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I need to optimize my MariaDB tables index. I've read a lot of very interesting things on StackExchange, but I'm not sure to have the answer for my case.

In my case, I have a table named TableA which contains more than 40 millions records (stats purposes) with these columns :

  • ID (PK)
  • A (INT)
  • B (INT)
  • C (INT)
  • D (INT)

I make different queries on this table, with many of the 4 columns in the WHERE clause. For example, I can have these columns in WHERE clause of the same query :

  • A, B and C
  • A and B
  • A and D
  • A, C and D
  • B and D
  • B, C and D
  • C and D
  • only A
  • only B
  • etc.

I can encounter every case. What would be the best way to index that table which count more than 40 millions records ? Should I make only one INDEX with all 4 columns ? Or 4 different indexes ? This table is used everytime in my app, and contains sensitive data...(for stats purposes).

Thank you for your help !

Joffrey

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2

There is no perfect answer. A possibly good answer is...

First, are the columns compared with = constant? Or a "range", such as > constant? For now, I will assume only =.

How selective are the values? True/false values are not; let's ignore them.

Assuming the 'worst' case (always =, all are selective), let's take the 6 permutations of two columns:

INDEX(a, b) -- for (a), (a,b), (a,b,c), (a,b,d), (a,b,c,d)
INDEX(a, c)
INDEX(a, d)
INDEX(b, c)
INDEX(b, d)
INDEX(c, d)

This list will handle all the one- and two-column tests efficiently, and at least help when you use 3 or 4 columns.

If some column is always used in a range, then never put anything after it in the INDEX. If, for example, b is always tested via a range, change the 4th and 5th to (c,b) and (d,b)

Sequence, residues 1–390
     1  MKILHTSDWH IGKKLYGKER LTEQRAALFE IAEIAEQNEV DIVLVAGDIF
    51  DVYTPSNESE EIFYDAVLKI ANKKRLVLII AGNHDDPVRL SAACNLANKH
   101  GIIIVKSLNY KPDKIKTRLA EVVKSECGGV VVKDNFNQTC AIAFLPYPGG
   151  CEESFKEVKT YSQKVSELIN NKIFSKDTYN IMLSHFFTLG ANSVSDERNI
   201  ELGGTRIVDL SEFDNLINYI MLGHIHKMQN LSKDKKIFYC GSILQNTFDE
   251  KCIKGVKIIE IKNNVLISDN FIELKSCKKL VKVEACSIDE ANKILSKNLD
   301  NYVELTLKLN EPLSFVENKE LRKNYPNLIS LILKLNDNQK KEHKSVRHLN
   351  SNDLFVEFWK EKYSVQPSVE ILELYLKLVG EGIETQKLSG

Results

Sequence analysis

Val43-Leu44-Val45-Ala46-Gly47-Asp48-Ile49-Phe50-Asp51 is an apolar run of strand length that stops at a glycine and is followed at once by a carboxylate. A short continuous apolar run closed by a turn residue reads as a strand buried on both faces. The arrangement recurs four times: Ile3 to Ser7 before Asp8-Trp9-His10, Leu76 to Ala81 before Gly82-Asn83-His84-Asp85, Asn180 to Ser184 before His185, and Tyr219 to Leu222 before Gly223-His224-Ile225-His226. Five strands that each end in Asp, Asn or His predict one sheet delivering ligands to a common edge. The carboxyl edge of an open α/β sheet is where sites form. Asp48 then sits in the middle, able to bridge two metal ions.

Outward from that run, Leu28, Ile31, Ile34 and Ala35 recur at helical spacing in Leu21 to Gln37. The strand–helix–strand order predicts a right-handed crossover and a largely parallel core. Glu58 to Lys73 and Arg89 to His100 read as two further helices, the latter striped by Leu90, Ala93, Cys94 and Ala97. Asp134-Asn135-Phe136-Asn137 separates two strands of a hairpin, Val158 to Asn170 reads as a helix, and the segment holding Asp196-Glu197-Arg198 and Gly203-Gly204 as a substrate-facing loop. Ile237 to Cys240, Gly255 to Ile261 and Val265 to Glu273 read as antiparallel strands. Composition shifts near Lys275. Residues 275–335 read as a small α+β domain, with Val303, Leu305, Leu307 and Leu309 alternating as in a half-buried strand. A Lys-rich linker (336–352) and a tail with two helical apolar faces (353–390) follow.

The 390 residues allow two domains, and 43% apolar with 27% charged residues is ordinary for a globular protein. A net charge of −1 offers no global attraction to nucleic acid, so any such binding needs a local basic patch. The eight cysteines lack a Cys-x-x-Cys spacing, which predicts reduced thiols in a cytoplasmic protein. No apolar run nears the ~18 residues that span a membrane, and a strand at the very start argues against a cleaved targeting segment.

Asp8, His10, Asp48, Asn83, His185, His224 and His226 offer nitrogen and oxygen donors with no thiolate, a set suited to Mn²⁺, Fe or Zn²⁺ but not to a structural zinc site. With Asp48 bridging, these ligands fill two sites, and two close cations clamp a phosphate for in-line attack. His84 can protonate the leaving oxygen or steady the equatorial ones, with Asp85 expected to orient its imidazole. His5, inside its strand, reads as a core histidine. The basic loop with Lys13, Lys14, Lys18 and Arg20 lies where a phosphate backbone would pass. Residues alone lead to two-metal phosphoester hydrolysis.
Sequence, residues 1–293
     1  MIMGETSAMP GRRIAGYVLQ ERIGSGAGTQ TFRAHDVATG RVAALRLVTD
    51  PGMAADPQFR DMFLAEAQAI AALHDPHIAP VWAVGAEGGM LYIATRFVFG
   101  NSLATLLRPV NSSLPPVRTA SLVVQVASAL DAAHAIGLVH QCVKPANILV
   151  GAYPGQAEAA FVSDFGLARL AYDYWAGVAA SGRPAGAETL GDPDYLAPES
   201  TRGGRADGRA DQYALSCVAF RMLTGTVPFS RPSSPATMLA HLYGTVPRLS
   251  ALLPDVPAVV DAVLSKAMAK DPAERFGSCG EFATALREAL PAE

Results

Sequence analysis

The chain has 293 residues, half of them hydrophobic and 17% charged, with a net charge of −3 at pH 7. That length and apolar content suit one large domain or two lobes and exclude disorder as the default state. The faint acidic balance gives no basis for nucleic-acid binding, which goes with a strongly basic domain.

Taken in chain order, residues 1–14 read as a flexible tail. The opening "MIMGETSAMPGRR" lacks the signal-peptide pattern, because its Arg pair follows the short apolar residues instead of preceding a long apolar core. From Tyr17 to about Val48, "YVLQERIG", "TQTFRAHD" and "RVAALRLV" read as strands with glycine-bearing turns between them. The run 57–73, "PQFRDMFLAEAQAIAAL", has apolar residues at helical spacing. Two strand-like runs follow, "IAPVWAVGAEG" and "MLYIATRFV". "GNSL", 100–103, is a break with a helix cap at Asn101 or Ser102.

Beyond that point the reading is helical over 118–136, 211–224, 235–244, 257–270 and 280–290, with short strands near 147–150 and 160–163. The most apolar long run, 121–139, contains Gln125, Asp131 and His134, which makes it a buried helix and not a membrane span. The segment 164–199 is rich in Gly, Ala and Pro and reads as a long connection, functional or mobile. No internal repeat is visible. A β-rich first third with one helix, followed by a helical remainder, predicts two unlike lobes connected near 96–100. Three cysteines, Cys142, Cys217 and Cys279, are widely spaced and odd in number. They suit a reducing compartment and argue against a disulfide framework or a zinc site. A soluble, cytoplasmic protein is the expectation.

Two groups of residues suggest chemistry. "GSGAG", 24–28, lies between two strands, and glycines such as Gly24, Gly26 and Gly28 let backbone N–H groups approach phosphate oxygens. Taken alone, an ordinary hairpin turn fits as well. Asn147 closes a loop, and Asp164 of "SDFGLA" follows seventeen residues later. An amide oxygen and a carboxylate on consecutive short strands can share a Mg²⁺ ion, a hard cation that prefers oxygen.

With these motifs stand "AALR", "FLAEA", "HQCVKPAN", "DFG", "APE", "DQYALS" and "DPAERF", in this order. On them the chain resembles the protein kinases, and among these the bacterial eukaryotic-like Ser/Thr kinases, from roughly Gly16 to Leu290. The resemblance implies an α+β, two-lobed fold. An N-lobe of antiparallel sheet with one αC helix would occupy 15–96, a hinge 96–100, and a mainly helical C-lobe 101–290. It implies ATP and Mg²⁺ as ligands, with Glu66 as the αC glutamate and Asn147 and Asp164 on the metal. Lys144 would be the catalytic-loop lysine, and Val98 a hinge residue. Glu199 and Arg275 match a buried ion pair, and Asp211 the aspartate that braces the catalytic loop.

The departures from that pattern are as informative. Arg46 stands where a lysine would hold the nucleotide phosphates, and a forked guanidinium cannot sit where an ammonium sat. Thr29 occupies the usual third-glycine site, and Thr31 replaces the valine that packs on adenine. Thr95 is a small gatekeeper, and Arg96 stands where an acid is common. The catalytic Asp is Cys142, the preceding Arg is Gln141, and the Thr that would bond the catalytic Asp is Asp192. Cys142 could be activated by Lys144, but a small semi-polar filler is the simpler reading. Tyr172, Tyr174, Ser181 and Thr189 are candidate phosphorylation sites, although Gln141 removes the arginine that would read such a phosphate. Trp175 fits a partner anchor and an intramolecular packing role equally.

Other tips:

  • You say INT. That allows 4 billion values and takes 4 bytes. Use a smaller datatype. 40M distinct values needs INT UNSIGNED, but if you have something with only a million distinct values, consider MEDIUMINT UNSIGNED (3 bytes, 0..16M). Etc. The rationale is that making the table and indexes smaller helps decrease I/O, hence improves speed.
  • Do you need id? Or is some combo of the columns unique and could become the PK, there by elimination id?
  • If there are common patterns, extend some of the indexes. For example, if usually when users test a and c, they also test b, then change (a, c) to (a, c, b).
  • Use InnoDB.
  • If any column is "low cardinality", then no index will be used when the WHERE clause mentions only that column; live with it. That column, when combined with others, works fine.
  • Do not over-normalize. I hope that a,b,c,d are not normalizations of floats or datetimes. Note how this hooks into my comments about "ranges".

If you would like to discuss further, please provide some extra clues about the data and queries involved. (Note that I had to do hand-waving about flags and ranges.)

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